Yossi, now that CNN has killed its “Crossfire” program, do you feel that your format might need to change? Why or why not?

    Alpher: I see no need for change. We adopted the term “crossfire” to signal that ours is not a warm and fuzzy consensus, but a serious exchange of views between and among people who disagree. Note that we call BitterLemons-International.org “Middle East roundtable.”

    We do not seek to bridge the polarized dialogue, but rather to make it more civil and civilized, and of course to inform.

    Abunimah: Bitterlemons is interesting in that it is a space for debate. I do think it is hard to do that well and they have done it fairly well. But again, Bitterlemons is well-funded and closely edited. At the same time, the advantage of the web is that every “side” can have its own space. I believe that pro-Israel opinion is more than adequately presented in the mainstream media, and it is not EI’s goal to reproduce this. We also show that there are more than two sides. We have many articles and contributions on EI by Israelis, for example, but they generally do not fit in to the mainstream stereotype of what an Israeli opinion should be. To me that is a more interesting role.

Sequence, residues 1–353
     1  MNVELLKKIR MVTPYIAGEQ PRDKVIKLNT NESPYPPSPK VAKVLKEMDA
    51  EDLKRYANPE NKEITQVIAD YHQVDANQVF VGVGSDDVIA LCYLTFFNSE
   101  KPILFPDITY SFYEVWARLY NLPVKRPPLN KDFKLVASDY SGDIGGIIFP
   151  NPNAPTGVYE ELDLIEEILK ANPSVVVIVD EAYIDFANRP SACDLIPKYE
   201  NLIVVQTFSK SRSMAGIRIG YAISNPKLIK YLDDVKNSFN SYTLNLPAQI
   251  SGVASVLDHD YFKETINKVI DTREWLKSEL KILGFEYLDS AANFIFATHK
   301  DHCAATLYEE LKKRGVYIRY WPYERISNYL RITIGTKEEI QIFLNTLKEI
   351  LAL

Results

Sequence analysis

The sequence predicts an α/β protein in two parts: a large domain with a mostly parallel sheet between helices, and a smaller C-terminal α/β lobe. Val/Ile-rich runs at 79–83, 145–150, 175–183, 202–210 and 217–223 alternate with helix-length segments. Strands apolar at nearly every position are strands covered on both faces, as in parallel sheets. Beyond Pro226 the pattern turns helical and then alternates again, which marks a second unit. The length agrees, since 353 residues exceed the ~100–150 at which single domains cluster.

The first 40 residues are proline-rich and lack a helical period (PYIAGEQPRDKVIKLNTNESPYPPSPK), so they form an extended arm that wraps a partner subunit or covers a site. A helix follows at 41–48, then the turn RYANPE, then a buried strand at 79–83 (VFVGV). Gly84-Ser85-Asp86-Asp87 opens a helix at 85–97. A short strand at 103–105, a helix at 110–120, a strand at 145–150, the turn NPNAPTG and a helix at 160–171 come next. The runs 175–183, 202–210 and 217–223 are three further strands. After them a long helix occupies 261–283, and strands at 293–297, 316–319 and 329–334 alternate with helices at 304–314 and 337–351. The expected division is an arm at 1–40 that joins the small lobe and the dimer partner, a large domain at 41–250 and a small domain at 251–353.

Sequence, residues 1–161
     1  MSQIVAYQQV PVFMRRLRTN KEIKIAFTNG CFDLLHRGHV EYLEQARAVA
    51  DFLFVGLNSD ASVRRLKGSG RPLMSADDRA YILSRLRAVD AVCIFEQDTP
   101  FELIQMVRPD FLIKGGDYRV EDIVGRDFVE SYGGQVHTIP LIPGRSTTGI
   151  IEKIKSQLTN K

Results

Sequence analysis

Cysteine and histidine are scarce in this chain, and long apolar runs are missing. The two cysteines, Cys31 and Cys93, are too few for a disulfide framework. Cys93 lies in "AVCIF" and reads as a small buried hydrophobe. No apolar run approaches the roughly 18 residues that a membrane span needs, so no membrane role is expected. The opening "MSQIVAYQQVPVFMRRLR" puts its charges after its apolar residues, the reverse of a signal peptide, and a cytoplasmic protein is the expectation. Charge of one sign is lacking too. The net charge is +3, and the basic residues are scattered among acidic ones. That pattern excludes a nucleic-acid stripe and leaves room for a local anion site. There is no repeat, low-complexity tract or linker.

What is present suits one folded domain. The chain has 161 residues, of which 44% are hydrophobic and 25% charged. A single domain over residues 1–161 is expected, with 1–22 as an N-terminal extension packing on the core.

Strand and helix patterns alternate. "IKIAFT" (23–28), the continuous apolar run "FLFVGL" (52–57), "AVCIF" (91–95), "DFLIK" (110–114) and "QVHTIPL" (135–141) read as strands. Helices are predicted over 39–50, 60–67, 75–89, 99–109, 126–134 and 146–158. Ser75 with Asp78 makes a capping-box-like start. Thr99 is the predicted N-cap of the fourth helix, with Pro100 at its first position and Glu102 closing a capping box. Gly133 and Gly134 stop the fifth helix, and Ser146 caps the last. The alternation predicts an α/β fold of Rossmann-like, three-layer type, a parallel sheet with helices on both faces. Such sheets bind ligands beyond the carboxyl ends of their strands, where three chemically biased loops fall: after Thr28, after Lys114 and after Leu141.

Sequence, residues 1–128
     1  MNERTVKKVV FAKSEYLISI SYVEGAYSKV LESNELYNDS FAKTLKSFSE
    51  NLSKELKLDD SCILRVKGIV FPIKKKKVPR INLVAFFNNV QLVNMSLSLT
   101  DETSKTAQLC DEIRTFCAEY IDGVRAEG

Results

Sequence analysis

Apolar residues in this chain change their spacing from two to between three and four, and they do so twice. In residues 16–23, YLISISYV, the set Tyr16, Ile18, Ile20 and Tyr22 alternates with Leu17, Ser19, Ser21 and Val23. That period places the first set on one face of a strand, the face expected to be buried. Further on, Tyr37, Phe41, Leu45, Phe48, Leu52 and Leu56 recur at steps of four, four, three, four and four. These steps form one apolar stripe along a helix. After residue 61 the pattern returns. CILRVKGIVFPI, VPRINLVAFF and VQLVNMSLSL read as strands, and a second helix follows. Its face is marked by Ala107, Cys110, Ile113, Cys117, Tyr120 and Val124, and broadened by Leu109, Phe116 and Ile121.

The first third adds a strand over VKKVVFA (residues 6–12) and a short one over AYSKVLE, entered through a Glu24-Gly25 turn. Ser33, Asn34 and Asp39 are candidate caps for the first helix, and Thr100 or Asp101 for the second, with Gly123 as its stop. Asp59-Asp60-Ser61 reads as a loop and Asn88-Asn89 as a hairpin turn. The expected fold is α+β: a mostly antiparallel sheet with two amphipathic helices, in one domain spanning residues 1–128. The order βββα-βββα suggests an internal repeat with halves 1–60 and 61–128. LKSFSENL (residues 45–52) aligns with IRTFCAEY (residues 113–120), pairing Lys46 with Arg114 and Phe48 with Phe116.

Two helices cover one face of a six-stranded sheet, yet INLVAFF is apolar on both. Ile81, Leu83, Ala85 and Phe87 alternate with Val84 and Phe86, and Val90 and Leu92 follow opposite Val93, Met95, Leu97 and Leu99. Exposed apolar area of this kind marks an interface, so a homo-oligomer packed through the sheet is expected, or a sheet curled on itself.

Other thoughts on the role of blogs and other online media in Arab society?

    Abunimah: I think that the vast majority of people in the Arab world still get their information from radio, TV and newspapers. Online stuff is making inroads but it is still fairly small and fairly elite. I do think that people in Arab countries generally are much more used to using and evaluating multiple sources of news, and of treating what they hear with a high degree of skepticism. So in some senses, Arab countries may be ideal places for citizen journalism to take off.

    • Mark:

      Nicely done. Surprised there are not more responses. Many might say EI is quite slanted for the Palestinians and biased in its coverage of Israeli actions. And bitterlemons, just for including a Palestinian viewpoint, is often viewed as being anti-Israel.